REVIEW: Renault Clio

By Seán Creedon

I’m sure most of you will remember the Renault television ads from the nineties where Papa gave Nicole the key to his new Renault Clio. The series of ads were one of the most popular car ads ever seen in Britain and Ireland. Indeed I know of some young ladies, who got their Christian name from that famous ad and they have no complaints.

The Renault Clio has been with us since 1990 and is one of only two cars, the other being the VW Golf, to have been voted European Car of the Year twice. Now we have got Mark V of the Clio and naturally it has some improvements from the previous edition.

Clio can boast of impressive sales of one a minute for the past 30 years. This year Renault expect to sell around 2,000 units of their five-door Clio in Ireland.

Colour is really important when buying a new car and my test model came in a bright orange colour which meant there was no problem finding it in the supermarket car park. The official colour was ‘Valencia Orange.’

I love the key fobs that Renault now supply. In the old days we had a system with which you started the car by putting the key in the ignition. Then along came a system whereby the car will start once the key is in your pocket or handbag.

However, with Renault you need never wonder where your key fob is. Just leave it in your pocket or handbag; the car will automatically unlock as you approach it and then it will automatically lock when turn off the engine and walk away from the car. Brilliant.

This new version naturally has a few tweaks and improvements front and back. It’s based on a brand-new platform, has new suspension and has a completely new and upmarket interior.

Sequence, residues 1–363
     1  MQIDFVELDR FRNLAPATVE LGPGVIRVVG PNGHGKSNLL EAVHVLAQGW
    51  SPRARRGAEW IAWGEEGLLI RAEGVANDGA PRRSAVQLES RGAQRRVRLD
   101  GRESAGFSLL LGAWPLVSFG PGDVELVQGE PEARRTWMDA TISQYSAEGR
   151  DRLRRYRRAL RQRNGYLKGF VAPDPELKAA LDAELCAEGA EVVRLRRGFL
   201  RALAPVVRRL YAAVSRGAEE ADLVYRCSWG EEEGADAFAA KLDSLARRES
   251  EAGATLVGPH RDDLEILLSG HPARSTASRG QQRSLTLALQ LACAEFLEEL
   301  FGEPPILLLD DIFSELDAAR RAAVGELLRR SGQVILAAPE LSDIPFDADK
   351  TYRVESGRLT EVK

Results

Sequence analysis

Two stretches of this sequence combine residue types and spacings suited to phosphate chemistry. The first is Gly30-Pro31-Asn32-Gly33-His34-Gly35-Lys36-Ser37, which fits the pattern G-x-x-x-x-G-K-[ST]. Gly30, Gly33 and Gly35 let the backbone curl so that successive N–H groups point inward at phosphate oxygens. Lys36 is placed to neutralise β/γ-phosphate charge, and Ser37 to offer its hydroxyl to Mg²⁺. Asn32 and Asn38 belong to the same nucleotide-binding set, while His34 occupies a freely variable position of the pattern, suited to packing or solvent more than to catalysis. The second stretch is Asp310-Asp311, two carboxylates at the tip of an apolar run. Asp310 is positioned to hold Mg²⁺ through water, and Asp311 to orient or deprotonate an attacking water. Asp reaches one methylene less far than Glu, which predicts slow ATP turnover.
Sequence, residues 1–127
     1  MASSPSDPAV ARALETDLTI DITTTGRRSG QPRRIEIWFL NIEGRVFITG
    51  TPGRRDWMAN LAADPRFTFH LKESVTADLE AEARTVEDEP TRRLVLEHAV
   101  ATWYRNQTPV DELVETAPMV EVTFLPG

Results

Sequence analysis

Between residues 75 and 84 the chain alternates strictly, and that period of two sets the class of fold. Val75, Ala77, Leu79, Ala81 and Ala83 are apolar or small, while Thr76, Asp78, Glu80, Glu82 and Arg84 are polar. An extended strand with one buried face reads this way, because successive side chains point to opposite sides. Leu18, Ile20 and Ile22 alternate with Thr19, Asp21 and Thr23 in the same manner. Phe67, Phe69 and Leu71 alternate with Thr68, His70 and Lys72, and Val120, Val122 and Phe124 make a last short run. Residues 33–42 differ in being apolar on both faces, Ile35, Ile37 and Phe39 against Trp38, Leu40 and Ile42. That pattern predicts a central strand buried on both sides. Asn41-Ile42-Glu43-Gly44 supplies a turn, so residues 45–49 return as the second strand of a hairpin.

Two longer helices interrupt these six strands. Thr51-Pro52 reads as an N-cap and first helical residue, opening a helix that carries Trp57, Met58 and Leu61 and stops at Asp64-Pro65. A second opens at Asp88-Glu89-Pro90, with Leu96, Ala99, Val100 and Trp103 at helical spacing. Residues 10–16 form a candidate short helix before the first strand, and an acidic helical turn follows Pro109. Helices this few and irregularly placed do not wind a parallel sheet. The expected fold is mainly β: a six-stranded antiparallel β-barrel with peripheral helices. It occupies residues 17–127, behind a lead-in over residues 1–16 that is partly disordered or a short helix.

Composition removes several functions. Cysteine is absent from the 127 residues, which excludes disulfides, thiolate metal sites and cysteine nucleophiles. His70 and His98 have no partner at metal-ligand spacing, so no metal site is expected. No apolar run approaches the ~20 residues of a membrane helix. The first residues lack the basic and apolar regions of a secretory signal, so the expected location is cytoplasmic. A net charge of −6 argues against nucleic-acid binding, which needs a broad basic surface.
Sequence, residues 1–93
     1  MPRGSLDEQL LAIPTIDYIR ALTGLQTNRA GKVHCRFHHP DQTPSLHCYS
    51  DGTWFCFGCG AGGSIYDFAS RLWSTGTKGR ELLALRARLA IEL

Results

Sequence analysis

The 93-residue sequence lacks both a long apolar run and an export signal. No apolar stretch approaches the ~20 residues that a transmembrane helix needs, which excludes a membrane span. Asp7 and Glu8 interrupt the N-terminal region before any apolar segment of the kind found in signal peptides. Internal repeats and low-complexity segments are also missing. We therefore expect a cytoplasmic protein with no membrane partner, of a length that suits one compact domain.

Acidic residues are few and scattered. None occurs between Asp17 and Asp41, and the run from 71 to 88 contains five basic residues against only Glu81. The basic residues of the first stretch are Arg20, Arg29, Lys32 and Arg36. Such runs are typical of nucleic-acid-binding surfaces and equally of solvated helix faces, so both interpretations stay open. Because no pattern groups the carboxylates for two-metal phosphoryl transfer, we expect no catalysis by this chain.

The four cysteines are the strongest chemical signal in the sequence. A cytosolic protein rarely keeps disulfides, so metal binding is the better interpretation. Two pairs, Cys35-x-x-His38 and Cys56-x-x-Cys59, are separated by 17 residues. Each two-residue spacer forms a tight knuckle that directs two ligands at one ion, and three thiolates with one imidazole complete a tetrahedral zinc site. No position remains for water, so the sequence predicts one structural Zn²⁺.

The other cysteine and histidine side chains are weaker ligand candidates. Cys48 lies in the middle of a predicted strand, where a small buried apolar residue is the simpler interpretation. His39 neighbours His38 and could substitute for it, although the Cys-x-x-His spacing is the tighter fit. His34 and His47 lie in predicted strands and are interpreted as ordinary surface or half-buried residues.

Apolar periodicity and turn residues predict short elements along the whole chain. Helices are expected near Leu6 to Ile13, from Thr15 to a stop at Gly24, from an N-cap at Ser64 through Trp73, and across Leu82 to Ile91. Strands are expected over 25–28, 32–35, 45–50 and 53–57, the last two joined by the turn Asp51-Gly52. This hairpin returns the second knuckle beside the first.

I would give the infotainment-screen on the dash nine out of ten as I could easily find the volume for the radio, but the radio stations kept ‘disappearing.’ However, iPhone connectively was great and I was able to play music from YouTube rather than listen to boring political debates.

I liked the old-fashioned style handbrake. With an old style handbrake you are not wondering if it has engaged and do you need to press the button to release when you want to drive off. You simply press the old fashioned button and release the hand-brake like we did when we were young!

There is a decent boot space and the good news is that underneath there is a spare wheel, not a repair kit. Mind you it took me a little while to find the button to release the boot door.

The release button used to be embedded in the Renault logo on the boot, but now the release button is underneath and if the weather is wet you may get your fingers dirty opening it. But that I think that’s a small price to pay for something that now works very well.

I found the 1.0-litre Clio very lively, especially around town. Prices start at £17,195, but my top of the range test model will cost you €22,065. Its main rivals are the Toyota Yaris, Ford Fiesta and VW Polo.

But as Paddy Magee MD of Renault Ireland said recently it’s good to see manufacturers competing with one another for sales.